… Back in 2007, they convinced federal Judge Oliver Wanger to rule that the Endangered Species Act gave the federal government the right to cut water to thousands of farmers in California’s Central Valley to protect a 3-inch baitfish called the delta smelt.

That ruling turned many of the Valley’s prized vineyards and almond groves into wastelands. Jobs were lost, family farms were shut, fields went fallow and food prices rose.

But there’s been just one problem with this overreaching of the law: Cutting off water didn’t save the smelt.

A draft of a new study from the Delta Stewardship Council shows the water cutoffs had no effect on the smelt. The smelt remains endangered even as farmers have been punished with a policy that cut off as much as 90% of their water.

“Environmentalists claimed the sky was falling in Delta, and the only way to save smelt was to flush more fresh water to the ocean,” said Andrew House, spokesman for Rep. Devin Nunes, R-Calif. “So they embarked upon a narrow path of diverting water from (San Joaquin Valley) farmers by using science to confirm their predetermined assessment of what was going on.”

But it didn’t work. Similar evidence is now coming out from the Pacific Northwest stating that shutting down the logging industry never did save the spotted owl.

… This was never about science anyway. “It was … about re-engineering the development of California, particularly the San Joaquin Valley,” said House. “They don’t think the west side should be farmed at all, they want it removed from production, gone to a natural state, re-engineered as a socialist Utopia.”

This should be a national scandal that discredit those who use the Endangered Species Act as a dishonest club to shut down commerce — which, as House noted, is the real goal.

Positivity: Every Catholic is called to encourage vocations, Pope says

Filed under: Positivity — Tom @ 6:56 am

From Vatican City:

Feb 10, 2011 / 03:00 pm

The vitality of the Church depends on individual Catholics fostering vocations in their homes and parishes, the Pope says in his annual message for the May 15 World Day of Prayer for Vocations.

“It is essential that every local Church become more sensitive and attentive to the pastoral care of vocations,” the Pope writes in his new statement issued by the Vatican on Feb. 10.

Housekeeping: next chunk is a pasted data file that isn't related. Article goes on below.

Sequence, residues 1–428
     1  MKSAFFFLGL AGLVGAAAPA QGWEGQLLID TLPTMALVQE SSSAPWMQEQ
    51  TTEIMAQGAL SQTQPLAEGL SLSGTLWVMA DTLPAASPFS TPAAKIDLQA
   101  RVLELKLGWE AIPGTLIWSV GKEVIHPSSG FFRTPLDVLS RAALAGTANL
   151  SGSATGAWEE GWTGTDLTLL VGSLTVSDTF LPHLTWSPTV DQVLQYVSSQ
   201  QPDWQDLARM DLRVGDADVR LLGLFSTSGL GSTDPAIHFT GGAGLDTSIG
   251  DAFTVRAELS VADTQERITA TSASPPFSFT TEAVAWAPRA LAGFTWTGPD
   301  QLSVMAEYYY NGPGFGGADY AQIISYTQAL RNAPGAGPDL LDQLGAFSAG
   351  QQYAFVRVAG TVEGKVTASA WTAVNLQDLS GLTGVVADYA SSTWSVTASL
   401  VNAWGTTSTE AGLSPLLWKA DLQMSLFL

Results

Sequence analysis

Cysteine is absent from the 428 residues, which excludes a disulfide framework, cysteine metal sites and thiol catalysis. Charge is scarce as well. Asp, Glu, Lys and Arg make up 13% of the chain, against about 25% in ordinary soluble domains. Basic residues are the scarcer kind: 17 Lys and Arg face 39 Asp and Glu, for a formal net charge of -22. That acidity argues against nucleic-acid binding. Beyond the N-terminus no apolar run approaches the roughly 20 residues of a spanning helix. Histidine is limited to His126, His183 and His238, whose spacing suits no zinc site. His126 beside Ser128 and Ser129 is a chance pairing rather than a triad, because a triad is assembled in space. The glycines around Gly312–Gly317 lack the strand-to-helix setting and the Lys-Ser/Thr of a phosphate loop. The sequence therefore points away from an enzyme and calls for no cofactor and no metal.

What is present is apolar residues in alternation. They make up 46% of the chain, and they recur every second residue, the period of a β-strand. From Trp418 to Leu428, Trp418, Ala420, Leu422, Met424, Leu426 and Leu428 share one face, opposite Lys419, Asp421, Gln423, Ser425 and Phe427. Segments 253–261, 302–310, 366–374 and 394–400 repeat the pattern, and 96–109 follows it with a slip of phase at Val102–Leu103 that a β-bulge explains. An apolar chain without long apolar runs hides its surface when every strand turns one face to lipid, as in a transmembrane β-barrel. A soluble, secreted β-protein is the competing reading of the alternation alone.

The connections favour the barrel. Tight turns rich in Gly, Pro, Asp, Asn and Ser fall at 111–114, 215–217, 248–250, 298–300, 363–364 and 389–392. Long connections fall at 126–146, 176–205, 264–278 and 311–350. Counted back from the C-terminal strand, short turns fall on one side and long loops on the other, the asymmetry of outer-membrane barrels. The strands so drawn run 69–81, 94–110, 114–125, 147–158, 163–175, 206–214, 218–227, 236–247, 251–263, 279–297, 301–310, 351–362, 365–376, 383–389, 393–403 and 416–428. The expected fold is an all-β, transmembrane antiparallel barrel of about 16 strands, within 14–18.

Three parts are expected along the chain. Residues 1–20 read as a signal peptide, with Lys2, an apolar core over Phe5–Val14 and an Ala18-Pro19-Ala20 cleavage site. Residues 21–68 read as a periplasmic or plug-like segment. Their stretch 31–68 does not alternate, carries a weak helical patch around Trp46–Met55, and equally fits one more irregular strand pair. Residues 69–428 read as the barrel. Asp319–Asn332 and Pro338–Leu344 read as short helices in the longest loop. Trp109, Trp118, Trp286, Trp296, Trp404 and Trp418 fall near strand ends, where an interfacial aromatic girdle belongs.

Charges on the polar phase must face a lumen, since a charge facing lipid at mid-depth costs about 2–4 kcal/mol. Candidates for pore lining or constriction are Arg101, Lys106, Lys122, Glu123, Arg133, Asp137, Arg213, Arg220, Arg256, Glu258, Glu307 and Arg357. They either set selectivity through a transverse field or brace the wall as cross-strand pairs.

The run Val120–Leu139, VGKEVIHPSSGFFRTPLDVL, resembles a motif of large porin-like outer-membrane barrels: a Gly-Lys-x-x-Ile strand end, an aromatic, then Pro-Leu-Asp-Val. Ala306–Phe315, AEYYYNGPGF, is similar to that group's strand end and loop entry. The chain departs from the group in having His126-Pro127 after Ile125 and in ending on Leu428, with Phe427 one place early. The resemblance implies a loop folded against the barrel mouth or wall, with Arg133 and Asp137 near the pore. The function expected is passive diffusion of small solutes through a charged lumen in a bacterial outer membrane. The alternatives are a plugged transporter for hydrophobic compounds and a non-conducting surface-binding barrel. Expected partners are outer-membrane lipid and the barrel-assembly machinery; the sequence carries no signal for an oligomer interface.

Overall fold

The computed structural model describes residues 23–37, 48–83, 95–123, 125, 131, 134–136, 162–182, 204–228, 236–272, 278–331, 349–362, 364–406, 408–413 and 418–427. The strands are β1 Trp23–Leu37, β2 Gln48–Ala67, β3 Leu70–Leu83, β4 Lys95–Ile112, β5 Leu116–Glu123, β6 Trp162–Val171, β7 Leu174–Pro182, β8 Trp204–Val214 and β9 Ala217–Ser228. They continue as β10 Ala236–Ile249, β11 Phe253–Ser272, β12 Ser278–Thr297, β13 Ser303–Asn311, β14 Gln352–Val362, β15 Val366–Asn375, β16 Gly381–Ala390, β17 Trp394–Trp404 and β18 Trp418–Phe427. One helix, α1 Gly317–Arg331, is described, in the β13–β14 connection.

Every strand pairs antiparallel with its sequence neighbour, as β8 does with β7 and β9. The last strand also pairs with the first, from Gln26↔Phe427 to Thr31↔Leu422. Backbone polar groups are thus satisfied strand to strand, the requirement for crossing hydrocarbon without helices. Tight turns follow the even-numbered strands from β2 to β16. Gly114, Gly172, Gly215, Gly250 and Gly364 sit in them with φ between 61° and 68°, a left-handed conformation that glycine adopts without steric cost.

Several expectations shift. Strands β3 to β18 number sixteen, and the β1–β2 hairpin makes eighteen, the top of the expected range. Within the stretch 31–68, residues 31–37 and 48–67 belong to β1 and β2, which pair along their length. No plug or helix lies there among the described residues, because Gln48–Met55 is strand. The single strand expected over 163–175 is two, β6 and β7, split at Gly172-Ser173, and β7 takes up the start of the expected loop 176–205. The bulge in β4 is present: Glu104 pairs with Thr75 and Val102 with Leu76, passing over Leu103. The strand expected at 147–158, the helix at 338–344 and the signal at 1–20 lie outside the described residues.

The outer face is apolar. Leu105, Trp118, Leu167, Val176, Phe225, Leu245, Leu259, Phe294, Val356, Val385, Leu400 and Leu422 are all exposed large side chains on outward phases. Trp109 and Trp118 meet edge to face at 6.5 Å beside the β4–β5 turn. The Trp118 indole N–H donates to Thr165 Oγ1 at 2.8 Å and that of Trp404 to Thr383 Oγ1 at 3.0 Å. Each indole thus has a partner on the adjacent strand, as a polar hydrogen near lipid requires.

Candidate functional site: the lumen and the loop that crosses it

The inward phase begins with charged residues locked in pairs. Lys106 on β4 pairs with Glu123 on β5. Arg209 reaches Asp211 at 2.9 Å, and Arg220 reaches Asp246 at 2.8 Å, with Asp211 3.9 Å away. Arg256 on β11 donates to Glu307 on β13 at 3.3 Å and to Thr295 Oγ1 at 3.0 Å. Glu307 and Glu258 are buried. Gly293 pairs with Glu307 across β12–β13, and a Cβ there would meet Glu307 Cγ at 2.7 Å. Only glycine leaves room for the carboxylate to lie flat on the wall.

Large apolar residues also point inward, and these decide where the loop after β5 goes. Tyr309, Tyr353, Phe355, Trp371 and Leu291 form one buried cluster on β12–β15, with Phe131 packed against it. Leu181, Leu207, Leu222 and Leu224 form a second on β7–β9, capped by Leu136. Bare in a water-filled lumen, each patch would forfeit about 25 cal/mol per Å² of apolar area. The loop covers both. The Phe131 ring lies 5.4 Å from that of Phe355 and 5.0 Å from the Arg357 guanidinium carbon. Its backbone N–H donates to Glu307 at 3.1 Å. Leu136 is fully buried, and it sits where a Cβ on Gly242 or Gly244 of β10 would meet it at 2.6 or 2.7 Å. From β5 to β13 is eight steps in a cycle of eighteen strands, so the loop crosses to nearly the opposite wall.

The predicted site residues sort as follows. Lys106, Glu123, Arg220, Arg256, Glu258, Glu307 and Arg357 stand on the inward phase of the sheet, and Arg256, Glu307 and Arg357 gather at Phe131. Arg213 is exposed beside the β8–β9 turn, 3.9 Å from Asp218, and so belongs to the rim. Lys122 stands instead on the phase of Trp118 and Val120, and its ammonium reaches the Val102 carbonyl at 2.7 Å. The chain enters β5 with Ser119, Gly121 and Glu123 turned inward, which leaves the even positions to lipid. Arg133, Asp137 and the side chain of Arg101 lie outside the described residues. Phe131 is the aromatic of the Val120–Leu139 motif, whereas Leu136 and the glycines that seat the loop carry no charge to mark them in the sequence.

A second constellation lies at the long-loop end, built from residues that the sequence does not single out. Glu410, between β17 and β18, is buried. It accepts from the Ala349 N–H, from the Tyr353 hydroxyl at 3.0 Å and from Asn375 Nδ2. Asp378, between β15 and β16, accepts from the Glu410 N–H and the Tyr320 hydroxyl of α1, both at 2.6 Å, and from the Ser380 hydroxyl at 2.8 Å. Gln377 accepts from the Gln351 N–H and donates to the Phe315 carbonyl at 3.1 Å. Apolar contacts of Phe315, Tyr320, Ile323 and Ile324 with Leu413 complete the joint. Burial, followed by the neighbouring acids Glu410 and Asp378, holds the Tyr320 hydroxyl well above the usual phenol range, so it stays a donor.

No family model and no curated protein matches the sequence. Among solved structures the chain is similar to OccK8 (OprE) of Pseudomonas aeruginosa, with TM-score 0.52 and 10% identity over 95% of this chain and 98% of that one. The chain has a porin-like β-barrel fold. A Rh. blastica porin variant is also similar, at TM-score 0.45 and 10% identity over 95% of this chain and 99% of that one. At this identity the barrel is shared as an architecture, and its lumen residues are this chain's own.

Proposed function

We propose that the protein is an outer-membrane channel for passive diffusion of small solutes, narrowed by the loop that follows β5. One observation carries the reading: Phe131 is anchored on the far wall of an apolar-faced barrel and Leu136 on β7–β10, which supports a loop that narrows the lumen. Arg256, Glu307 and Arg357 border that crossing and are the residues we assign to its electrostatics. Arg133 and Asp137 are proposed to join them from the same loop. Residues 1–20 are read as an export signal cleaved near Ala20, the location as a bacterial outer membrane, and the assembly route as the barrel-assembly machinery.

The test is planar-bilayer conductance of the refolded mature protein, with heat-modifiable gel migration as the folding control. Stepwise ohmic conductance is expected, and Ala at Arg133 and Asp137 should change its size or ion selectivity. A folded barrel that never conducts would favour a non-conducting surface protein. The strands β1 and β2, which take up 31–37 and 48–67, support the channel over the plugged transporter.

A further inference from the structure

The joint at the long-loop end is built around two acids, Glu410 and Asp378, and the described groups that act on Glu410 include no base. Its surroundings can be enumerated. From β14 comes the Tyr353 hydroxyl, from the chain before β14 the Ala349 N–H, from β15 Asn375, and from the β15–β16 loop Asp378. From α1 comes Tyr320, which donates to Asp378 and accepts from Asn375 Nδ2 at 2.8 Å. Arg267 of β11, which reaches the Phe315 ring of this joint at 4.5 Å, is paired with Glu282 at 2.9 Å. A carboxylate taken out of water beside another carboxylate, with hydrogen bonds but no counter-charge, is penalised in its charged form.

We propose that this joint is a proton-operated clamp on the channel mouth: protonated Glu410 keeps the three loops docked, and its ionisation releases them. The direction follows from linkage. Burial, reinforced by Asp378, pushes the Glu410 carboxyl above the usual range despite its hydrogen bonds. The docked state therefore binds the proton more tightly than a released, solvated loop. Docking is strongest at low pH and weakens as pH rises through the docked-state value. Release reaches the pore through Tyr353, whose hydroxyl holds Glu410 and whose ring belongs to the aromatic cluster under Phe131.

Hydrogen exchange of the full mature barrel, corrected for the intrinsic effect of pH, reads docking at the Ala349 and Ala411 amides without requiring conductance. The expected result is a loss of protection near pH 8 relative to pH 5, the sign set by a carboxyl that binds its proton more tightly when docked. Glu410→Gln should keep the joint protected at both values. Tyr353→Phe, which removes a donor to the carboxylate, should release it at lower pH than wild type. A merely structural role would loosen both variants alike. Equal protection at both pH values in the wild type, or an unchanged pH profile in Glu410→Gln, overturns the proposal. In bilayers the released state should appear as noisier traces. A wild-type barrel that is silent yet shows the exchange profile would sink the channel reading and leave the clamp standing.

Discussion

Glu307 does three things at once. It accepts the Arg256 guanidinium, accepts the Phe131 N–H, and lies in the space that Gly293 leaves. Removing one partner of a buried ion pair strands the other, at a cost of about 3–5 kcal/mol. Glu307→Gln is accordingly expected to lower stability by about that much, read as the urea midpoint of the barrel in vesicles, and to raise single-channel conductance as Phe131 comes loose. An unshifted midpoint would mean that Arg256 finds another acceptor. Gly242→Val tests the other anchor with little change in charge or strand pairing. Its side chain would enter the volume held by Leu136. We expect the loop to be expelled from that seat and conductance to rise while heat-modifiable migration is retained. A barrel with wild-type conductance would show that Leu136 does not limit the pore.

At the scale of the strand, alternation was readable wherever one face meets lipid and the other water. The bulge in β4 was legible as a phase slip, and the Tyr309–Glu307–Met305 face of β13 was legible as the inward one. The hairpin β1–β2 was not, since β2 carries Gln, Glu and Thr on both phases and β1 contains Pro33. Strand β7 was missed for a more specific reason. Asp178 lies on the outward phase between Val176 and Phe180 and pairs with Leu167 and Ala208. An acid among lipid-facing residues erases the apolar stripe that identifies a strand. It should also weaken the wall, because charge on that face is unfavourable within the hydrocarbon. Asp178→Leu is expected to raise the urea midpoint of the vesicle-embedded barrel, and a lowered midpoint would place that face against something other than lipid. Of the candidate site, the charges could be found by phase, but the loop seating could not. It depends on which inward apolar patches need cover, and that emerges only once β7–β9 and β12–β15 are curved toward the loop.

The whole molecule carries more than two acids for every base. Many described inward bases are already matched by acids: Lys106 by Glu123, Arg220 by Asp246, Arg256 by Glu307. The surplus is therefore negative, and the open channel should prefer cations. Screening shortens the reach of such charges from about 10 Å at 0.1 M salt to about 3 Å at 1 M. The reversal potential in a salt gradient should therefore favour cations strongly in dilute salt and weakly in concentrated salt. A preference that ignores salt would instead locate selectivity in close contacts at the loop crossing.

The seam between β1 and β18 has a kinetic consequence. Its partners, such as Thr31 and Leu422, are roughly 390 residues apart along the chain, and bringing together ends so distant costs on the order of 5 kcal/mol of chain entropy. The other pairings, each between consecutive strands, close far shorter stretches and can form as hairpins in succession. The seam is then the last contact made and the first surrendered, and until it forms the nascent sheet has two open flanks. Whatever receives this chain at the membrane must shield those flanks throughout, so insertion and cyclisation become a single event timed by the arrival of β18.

He speaks of the role of the Church in helping children and young people to grow in a real friendship with Jesus, to increase their familiarity with the Scriptures, to understand the truth of his message and to be generous in creating relationships with others.

The theme of this year’s prayer for vocations day is “Proposing Vocations in the Local Church.” The Pope says this “means having the courage, through an attentive and suitable concern for vocations, to point out this challenging way of following Christ which, because it is so rich in meaning, is capable of engaging the whole of one’s life.”

Answering Jesus’ call of “Follow me!” is “no less challenging” today than it was for the disciples 2,000 years ago, says the Pope.

“It means learning to keep our gaze fixed on Jesus, growing close to him, listening to his word and encountering him in the sacraments” and “learning to conform our will to his.”

The Church is called to protect and love the gift of God’s call to people to share in his mission and serve as ordained ministers and consecrated religious, he says.

“Particularly in these times, when the voice of the Lord seems to be drowned out by ‘other voices’ and his invitation to follow him by the gift of one’s own life may seem too difficult, every Christian community, every member of the Church, needs to consciously feel responsible for promoting vocations.”

According to a report from the U.S. bishops, there are currently 5,131 men enrolled in the U.S. seminaries. The number is up from 4,973 in 2009. …

Go here for the rest of the story.